Despite the heroics, the Zulus were soon outflanking Durnford, and his unit retired. Behind him, the companies of the 24th Regiment formed rallying squares and fired intermittently at their pursuers as they fell back.
This retreat in turn left the artillery unit who'd been in their middle exposed, as the Zulus bore down on them:
"Major Smith gave the order to cease firing and limber the guns, a manoeuvre which the gunners had completed many times, on the parade ground and in the field; at that point the Zulus were estimated to be about 300 yards away in front. In the time it took to limber up, however, the nearest Zulus had rushed in so close that one gunner was actually stabbed as he was mounting the axle-tree seats on the guns. The gunners managed to extricate themselves in the nick of time."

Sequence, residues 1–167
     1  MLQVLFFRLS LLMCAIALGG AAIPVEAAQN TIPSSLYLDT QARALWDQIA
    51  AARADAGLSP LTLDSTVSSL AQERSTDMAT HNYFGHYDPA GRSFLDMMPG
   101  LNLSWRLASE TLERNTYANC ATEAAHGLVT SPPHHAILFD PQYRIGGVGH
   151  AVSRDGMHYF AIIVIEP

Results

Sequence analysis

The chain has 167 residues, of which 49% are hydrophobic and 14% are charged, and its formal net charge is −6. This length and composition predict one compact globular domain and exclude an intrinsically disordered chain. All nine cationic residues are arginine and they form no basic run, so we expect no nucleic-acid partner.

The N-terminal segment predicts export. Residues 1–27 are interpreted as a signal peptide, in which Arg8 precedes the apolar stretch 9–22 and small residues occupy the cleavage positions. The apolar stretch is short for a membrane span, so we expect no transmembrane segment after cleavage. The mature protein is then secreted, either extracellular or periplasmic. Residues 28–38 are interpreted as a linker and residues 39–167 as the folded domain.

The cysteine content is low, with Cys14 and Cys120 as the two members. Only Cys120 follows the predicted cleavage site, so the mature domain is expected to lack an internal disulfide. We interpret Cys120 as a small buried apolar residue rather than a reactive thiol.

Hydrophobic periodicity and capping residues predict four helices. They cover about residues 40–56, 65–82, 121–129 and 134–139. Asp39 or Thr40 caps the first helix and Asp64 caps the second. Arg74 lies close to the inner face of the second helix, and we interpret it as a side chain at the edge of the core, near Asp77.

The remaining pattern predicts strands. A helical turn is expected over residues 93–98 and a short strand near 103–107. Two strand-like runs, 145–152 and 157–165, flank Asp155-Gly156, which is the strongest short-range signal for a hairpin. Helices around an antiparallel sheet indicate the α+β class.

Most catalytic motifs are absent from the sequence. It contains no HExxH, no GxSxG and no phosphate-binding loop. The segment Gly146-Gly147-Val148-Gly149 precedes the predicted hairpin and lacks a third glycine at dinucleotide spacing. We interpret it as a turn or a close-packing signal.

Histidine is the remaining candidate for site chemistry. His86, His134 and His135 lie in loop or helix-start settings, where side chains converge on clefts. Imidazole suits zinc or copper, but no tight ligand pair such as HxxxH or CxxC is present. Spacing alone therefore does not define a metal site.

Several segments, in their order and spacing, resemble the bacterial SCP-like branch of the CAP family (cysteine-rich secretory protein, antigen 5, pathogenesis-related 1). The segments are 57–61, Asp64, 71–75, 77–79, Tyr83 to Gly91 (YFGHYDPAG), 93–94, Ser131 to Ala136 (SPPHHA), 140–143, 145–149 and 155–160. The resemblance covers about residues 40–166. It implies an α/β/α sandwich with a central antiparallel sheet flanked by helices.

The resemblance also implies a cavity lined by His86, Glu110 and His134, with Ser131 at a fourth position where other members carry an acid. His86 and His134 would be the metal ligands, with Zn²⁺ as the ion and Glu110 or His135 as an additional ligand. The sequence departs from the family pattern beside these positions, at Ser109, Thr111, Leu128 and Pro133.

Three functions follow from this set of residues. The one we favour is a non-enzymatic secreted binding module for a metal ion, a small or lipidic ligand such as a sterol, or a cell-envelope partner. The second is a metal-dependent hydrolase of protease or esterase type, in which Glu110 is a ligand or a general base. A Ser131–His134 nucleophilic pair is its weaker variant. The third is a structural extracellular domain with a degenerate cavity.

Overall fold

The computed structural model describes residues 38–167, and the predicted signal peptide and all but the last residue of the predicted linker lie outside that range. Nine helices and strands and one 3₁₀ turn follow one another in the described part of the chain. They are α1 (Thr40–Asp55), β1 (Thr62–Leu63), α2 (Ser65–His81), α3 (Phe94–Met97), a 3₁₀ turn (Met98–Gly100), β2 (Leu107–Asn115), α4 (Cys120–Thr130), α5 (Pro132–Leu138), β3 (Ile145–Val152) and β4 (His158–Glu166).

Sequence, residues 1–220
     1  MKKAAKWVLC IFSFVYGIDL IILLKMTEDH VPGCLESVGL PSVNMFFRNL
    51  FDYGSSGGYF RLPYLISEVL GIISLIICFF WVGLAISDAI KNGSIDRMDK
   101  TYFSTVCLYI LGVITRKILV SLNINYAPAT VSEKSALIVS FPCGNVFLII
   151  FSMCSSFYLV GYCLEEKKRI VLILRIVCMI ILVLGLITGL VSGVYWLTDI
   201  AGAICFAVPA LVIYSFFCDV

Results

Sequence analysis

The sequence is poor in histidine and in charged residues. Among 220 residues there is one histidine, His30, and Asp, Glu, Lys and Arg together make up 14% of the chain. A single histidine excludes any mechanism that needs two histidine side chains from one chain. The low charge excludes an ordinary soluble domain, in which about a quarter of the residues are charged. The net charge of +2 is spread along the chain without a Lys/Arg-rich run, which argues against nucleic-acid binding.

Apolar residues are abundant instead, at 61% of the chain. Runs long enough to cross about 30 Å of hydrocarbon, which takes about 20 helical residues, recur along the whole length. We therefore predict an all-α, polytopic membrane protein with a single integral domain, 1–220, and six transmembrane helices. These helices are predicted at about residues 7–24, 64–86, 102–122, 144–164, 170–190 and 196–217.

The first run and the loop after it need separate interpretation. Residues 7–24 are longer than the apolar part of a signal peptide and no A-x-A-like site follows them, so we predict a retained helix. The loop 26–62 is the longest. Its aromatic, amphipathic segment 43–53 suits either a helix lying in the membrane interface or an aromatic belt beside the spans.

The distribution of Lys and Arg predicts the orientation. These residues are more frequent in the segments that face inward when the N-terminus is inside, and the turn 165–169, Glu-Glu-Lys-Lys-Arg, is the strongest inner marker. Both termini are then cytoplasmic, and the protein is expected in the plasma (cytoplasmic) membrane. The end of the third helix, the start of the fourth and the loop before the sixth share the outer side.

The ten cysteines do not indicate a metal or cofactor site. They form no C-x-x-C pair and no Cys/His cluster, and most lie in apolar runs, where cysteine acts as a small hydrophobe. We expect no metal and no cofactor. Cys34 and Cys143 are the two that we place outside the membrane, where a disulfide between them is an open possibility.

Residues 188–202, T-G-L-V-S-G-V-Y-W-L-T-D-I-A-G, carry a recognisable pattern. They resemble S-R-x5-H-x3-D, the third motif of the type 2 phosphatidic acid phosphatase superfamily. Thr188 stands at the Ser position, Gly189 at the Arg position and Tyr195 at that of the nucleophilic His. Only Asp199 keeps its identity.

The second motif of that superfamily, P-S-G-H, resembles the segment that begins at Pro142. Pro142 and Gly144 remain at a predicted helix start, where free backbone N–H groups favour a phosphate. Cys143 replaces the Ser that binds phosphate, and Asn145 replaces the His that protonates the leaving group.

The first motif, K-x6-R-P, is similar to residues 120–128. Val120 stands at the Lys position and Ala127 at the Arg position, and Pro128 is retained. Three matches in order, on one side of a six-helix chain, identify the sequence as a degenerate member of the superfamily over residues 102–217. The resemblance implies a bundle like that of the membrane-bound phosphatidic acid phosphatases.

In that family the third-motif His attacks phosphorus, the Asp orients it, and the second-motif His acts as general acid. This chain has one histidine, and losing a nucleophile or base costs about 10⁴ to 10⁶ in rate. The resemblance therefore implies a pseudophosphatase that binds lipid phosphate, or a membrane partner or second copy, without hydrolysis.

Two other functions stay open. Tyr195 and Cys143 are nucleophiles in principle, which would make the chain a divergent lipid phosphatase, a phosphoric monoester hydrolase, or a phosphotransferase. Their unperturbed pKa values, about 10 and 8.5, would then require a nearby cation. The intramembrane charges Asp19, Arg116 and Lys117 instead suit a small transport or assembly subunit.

The two sides began to blend into one another, as the Zulus in front overtook and began to run amongst the fleeing battery.
Now the decision not to form defensive positions came back to haunt the British as "the scattered companies… found themselves struggling to keep formation [while] they passed through the camp, beset on all sides by panicking camp personnel, civilian wagon-drivers, horses, mules and transport oxen".
Indeed, by the time the men of the 24th reached the tents, they were, in some cases, fighting hand-to-hand with the Zulus who'd pursued them:
"All the time the 24th still had ammunition to fire, they kept the Zulus back, but any man who was wounded or who became separated was immediately overcome and killed."
Avenging their brothers at Nyezane, the Zulu warriors stabbed at anything that moved as they swept through the camp.